Olivia de Havilland’s Audacious Lawsuit Against Warner Brothers Changed Hollywood’s Studio System Forever

Olivia de HavillandDespite being one of the biggest stars of her time, Olivia de Havilland found herself in 1943 pitched in a bitter legal battle with her studio, Warner Brothers, when they arbitrarily added six months to her contract to cover time she had spent on suspension. Her decision to fight the studio broke all convention and ended up changing her and Hollywood forever.

Even though Bette Davis had failed to have a similar extension overturned in the courts in the 1930s, Olivia successfully sued Warner Brothers in 1943, with the support the Screen Actors Guild. The case put a limit of seven years on a performer’s contract and became known as the ‘de Havilland decision’. Her success with the case won her great praise from her fellow actors, however, Warner Brothers decided never to put her in one of their films again.

Olivia’s tenacity and determination in dealing with her studio is something of a family trait. Her sister is the equally famous Hollywood actresses Joan Fontaine and their cousin was the noted British aircraft designer and manufacturer, Geoffrey de Havilland.

Olivia and Joan were born to actress Lillian Augusta Ruse, whose stage name was Lillian Fontaine, and Walter Augustus de Havilland, a patent lawyer who had a practice in Japan. Olivia Mary de Havilland was born on 1 July 1916 in Tokyo and her sister, Joan de Beauvoir de Havilland, was born the following year on 22 October 1917, also in Tokyo.

Joan and Olivia

Olivia’s sister Joan adopted the stage name Joan Fontaine and is famous for many reasons, not least of all that she is the only actress to have won an Oscar for a performance in an Alfred Hitchcock film. She won the Academy Award for Best Actress in the 1941 film Suspicion, opposite Cary Grant and co-starring the wonderful Nigel Bruce, Cedric Hardwicke and May Whitty.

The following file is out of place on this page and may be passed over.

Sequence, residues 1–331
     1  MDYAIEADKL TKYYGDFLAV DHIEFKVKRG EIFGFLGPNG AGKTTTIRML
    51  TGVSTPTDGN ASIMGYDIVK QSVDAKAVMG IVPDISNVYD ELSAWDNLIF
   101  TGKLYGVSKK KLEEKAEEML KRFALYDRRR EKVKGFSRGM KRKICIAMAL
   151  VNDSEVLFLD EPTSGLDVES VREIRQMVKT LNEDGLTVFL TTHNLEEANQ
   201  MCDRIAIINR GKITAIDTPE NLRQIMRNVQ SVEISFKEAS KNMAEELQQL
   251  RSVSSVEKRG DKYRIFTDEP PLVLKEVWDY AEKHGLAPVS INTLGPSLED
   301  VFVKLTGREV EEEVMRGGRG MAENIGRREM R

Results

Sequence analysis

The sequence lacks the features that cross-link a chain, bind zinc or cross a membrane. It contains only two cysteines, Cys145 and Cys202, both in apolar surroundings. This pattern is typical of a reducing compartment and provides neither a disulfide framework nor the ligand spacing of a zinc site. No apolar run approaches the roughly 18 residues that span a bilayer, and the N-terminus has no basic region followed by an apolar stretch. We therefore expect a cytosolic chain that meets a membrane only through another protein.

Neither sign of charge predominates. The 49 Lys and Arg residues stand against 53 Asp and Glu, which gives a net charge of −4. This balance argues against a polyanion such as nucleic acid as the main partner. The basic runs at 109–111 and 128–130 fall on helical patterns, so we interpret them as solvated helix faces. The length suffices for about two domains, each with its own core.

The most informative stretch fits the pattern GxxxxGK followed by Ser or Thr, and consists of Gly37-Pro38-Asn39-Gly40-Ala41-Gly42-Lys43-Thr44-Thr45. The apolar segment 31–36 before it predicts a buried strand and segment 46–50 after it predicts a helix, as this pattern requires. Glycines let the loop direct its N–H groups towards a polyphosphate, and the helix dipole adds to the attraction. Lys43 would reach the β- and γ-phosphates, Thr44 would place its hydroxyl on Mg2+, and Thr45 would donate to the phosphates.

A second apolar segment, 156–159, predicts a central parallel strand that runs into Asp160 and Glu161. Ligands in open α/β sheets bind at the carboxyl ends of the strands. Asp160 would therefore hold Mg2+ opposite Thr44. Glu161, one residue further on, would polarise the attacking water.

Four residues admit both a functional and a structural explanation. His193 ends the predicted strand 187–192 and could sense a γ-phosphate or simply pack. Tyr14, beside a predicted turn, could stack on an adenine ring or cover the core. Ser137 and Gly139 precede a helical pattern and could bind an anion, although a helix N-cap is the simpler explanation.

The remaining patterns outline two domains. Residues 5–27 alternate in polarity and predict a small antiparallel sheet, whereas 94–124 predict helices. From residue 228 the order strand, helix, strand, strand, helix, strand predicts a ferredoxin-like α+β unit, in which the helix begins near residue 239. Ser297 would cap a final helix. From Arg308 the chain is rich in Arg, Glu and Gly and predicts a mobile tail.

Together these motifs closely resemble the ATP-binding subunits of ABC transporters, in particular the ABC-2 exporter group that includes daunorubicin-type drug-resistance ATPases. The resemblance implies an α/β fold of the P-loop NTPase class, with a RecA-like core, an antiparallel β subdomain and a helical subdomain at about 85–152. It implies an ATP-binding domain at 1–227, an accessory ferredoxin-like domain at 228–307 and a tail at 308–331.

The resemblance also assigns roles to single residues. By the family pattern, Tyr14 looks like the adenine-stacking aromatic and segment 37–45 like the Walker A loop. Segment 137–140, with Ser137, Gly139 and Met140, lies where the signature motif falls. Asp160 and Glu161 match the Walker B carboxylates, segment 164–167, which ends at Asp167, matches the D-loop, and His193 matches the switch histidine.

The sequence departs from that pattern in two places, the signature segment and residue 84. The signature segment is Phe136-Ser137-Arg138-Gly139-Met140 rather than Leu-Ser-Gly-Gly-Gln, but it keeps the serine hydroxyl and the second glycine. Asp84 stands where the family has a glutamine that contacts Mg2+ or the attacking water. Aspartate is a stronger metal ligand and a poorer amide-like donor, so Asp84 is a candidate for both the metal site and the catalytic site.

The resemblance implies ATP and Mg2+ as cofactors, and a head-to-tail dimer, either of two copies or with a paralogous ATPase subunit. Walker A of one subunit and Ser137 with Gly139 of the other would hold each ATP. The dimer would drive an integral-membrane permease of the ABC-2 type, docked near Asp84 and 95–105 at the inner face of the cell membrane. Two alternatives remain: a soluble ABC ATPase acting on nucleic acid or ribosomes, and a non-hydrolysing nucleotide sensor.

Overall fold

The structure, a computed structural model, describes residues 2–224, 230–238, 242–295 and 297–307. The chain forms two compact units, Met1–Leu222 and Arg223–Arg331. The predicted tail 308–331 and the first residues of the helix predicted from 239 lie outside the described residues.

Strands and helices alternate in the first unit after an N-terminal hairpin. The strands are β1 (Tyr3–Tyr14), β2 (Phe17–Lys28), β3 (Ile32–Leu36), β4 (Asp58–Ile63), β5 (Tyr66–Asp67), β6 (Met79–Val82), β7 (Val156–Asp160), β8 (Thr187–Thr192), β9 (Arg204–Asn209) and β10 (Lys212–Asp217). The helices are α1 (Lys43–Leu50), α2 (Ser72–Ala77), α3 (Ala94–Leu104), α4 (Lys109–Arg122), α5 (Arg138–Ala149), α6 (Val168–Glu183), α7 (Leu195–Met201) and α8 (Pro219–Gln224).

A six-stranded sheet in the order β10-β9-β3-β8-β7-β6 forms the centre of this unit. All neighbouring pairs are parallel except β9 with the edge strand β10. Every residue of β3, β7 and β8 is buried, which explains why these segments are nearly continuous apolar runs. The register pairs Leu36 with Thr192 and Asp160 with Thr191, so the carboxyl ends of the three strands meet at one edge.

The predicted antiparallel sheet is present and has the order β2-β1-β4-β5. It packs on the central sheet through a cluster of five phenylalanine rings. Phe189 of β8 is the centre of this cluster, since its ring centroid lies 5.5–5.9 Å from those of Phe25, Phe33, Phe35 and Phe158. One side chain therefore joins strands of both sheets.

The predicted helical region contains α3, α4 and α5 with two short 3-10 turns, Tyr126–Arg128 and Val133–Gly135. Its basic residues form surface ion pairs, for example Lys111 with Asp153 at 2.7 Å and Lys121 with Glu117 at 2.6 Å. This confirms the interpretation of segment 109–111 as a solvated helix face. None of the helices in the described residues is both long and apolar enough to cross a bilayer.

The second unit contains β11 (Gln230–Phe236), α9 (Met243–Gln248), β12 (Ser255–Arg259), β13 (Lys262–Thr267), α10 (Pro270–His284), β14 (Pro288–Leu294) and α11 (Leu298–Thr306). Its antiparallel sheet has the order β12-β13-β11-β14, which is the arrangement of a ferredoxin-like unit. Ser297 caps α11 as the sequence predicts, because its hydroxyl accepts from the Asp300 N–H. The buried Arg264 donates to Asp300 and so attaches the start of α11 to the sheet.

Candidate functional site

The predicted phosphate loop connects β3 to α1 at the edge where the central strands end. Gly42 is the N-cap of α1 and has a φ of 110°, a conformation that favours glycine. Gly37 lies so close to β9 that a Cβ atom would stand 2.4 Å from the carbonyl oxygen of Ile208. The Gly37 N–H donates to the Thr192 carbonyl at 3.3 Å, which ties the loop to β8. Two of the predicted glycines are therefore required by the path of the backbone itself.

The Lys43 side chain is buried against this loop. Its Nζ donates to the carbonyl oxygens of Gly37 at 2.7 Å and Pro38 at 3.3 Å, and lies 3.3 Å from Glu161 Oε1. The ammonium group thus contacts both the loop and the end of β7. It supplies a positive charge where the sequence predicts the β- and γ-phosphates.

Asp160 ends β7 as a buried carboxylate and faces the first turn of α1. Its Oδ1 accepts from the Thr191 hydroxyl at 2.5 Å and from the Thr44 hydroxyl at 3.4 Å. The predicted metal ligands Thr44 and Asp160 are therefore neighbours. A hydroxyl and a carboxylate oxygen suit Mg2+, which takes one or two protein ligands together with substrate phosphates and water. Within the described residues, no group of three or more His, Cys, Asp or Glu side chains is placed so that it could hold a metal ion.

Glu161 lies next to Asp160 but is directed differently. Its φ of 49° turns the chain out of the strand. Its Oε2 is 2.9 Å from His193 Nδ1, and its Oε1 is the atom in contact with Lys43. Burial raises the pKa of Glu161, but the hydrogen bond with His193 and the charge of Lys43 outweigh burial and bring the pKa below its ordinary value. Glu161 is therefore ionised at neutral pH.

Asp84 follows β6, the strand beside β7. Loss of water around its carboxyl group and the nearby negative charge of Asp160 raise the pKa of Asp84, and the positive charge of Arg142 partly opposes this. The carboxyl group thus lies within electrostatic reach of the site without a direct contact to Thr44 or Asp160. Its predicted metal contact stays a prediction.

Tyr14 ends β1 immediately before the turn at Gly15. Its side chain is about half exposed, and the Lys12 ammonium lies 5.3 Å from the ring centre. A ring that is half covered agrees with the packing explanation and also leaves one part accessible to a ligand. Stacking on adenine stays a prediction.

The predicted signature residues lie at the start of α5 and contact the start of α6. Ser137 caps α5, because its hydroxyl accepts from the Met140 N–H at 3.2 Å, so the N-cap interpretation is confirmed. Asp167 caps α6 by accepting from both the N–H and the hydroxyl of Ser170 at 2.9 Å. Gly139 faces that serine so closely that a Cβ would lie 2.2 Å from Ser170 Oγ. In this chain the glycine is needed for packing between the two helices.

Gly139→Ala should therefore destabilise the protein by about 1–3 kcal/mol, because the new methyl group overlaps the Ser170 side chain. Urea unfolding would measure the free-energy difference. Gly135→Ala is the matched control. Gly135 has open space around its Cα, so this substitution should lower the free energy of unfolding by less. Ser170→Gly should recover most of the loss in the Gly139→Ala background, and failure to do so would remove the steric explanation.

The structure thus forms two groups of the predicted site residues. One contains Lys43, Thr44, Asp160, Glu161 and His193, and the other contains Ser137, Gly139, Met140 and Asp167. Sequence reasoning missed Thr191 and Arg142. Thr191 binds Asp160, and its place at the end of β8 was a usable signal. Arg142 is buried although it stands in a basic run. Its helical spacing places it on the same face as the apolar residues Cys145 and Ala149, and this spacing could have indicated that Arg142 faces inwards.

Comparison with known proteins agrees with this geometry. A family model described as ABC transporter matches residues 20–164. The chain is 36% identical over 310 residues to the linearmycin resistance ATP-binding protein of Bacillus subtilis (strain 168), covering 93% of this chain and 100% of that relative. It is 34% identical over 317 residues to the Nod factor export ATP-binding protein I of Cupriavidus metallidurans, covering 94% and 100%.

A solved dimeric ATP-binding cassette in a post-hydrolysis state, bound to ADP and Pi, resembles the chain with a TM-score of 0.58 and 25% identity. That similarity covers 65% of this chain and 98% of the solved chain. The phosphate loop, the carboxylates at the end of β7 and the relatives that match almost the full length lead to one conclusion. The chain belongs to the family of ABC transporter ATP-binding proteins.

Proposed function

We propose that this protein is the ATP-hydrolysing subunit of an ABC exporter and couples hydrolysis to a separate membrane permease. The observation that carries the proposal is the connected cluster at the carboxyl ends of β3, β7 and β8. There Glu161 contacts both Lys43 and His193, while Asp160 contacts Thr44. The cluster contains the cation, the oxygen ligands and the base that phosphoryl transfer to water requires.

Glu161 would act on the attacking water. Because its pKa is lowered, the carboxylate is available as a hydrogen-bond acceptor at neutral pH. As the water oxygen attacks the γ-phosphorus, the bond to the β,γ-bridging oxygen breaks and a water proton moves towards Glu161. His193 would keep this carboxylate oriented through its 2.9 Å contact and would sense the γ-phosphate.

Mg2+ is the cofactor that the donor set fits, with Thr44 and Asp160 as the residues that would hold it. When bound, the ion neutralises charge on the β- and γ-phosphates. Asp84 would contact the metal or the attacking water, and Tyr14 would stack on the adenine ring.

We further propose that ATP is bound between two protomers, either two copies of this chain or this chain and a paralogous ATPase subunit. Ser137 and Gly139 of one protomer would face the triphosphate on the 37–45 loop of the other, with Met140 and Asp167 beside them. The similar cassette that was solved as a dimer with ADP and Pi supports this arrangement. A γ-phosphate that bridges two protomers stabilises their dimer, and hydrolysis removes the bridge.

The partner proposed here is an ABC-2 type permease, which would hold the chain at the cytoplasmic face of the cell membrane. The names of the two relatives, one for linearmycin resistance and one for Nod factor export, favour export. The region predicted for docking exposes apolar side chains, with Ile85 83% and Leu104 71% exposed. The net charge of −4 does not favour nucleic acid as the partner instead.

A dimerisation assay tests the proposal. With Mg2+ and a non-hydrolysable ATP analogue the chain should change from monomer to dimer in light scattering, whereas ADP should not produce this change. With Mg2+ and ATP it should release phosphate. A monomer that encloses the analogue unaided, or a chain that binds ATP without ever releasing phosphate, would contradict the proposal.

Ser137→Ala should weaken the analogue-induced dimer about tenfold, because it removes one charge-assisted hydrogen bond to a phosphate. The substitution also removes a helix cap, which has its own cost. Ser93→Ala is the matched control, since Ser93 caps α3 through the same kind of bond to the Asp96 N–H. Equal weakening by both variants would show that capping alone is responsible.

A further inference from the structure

Olivia achieved great acclaim as an actress, with scores of successful film appearances to her name, including numerous roles opposite Errol Flynn, in particular Flynn’s first leading role in the 1935 film Captain Blood and in the 1938 film The Adventures of Robin Hood. She won the Academy Award for Best Actress twice. The first was for the 1946 film To Each His Own, with Mary Anderson, Roland Culver and John Lund in his first screen role, and the second was for the 1949 film The Heiress, with Montgomery Clift and Ralph Richardson.

Olivia was nominated as Best Actress three times, for the 1939 blockbuster Gone with the Wind, with Clark Gable, Vivien Leigh and Leslie Howard, for the 1941 film Hold Back the Dawn, with Charles Boyer and Paulette Goddard and for the 1948 film The Snake Pit, with Mark Stevens, Leo Genn and Celeste Holm.